Money attracts more money, and often projects that have received a transaction fund grant from MMC end up receiving larger grants further down the line from other funders. Wentzell stresses that while MMC may help facilitate some of these relationships, it’s really the direct relationships between projects and these funders that make the difference. “I want the collaborative members to directly have the relationships and communications with these funders,” he says. “There’s no need for me to get in the middle of that.”

Additionally, MMC’s work has inspired other RCPs in the region to start their own transaction funds. The takeaway message that Wentzell has for these RCPs and any others is this: “It’s really important for an RCP, especially for someone who is in the coordinator or leadership role, to ask themselves: ‘Where does the RCP add value to its members and our collective work?’ It can’t just exist for its own sake. I think the transaction fund is a tangible example of a way RCPs can add value.”

Category: News

Topics: , , , ,

Northeast Bird Habitat Conservation Initiative Mapping Tool Webinar

The Northeast Bird Habitat Conservation Initiative Mapping Tool is an easy-to-use, interactive tool designed to help Regional Conservation Partnerships, Land Trusts, and practitioners use bird data to support activities such as habitat management and stewardship plan development, land prioritization and acquisition, and landowner and community engagement, all through the lens of bird conservation.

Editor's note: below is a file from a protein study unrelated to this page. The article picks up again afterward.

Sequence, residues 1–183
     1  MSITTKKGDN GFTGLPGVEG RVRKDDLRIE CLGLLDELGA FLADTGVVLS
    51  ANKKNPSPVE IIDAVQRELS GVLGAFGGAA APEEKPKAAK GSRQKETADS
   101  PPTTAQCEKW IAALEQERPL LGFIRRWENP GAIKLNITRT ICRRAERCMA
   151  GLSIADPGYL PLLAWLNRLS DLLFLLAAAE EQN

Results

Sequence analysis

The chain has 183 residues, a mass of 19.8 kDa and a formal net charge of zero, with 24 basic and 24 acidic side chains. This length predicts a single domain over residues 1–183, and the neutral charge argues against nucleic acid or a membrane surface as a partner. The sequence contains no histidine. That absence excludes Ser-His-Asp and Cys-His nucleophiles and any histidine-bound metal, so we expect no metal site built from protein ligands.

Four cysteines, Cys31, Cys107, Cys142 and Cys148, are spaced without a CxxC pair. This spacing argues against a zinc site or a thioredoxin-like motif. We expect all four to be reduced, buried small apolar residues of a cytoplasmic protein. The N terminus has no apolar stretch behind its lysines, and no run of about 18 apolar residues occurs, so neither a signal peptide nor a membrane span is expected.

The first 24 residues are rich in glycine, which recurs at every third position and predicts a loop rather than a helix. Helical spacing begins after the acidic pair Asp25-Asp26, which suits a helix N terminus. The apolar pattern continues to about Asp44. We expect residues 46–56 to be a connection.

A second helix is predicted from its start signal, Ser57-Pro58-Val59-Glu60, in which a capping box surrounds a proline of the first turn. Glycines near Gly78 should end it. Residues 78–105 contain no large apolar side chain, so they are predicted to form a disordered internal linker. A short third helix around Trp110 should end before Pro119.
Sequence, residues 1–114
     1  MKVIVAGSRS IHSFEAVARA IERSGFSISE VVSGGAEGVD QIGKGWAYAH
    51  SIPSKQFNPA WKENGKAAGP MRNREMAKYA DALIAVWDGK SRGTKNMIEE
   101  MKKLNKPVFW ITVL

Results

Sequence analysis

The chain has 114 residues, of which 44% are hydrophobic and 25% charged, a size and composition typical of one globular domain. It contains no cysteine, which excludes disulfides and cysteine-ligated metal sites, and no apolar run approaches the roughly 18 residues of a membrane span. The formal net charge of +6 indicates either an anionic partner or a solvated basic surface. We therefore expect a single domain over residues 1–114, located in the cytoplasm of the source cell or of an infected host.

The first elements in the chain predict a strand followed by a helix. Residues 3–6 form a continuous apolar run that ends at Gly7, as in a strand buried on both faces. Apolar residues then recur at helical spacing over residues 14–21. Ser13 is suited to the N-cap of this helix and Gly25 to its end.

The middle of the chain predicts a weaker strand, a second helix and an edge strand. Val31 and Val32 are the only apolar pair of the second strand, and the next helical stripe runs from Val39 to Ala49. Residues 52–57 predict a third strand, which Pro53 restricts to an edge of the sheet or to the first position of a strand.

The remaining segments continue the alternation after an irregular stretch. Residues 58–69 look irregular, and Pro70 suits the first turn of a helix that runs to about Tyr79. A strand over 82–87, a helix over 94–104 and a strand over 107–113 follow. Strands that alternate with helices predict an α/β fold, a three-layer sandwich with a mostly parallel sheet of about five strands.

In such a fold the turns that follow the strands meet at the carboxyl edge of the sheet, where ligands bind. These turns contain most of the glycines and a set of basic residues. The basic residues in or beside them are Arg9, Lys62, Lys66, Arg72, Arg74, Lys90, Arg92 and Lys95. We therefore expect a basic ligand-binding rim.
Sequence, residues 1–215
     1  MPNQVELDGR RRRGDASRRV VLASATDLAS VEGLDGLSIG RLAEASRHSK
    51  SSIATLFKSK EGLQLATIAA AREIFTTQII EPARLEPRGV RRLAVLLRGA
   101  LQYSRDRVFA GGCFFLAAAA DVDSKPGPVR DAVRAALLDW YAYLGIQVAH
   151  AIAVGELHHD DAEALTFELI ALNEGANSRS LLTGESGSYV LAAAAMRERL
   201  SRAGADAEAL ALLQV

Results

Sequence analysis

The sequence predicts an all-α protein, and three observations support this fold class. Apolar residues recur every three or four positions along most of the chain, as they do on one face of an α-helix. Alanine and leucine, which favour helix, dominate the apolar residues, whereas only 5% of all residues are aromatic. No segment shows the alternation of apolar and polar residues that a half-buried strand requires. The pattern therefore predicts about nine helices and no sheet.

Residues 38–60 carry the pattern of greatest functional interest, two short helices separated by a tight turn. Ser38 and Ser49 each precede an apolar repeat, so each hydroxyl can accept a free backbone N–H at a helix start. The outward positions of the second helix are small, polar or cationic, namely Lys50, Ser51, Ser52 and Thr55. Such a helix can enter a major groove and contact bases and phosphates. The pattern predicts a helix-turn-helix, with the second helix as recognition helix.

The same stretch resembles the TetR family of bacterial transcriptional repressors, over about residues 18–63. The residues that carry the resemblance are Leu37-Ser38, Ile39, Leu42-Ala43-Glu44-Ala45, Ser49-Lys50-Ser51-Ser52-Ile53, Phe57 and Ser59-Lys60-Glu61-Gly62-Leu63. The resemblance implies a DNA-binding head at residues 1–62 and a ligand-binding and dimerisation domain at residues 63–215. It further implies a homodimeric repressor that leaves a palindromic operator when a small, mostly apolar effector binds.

During this webinar, we’ll provide an overview of the tool’s data and layers, explore the tool’s functions, and showcase ways the tool is serving land conservation professionals. The tool showcases eBird Status & Trends (S&T) data for 43 priority bird species in five habitat types (forest, grassland, shrub/scrub/young forest, wetland/marsh, and coastal/shoreline). The target species were selected based on their high-priority status or climate vulnerability.

The tool was created in partnership with the Northeast Bird Habitat Conservation Initiative (NBHCI), a conservation collaborative of the Cornell Lab’s Land Trust Bird Conservation Initiative and a cooperative effort between the Regional Conservation Partnership Network, Audubon groups, Highstead, and the Cornell Lab of Ornithology.

The NBHCI Mapping Tool provides data for 13 states in the Northeast: Maine, New Hampshire, Vermont, Massachusetts, Rhode Island, Connecticut, New Jersey, New York, Pennsylvania, Delaware, Maryland, Virginia, and West Virginia.

For more information about the mapping tool, the NBHCI, or the webinar, contact co-coordinators: Katie Blake ( and Sara Barker (

Category: Events

Topics: , , ,

Highstead Joins Regional Project to Increase Native Seed Supply 

Native plant seedlings in plug trays, grown in Highstead’s greenhouse, getting acclimated to the outdoors.

Between the founding of the Pollinator Pathway in 2017, popular entomologist Doug Tallamy’s Homegrown National Park movement, and the rapid growth of reforestation, coastline rehabilitation, urban street planting, and regenerative agriculture, demand for native plants has exploded. Chronic commercial shortages of local “ecotype” seeds, native plants’ offspring possessing genes specific to our Ecoregion 59, posed the greatest barrier to commercial growers’ ability to purchase local ecotypes of native seeds locally, according to a study in the Native Plants Journal Spring 2022 edition. At the root of this native plant and native seed shortage is a dearth of locally adapted seed from sustainably managed sources.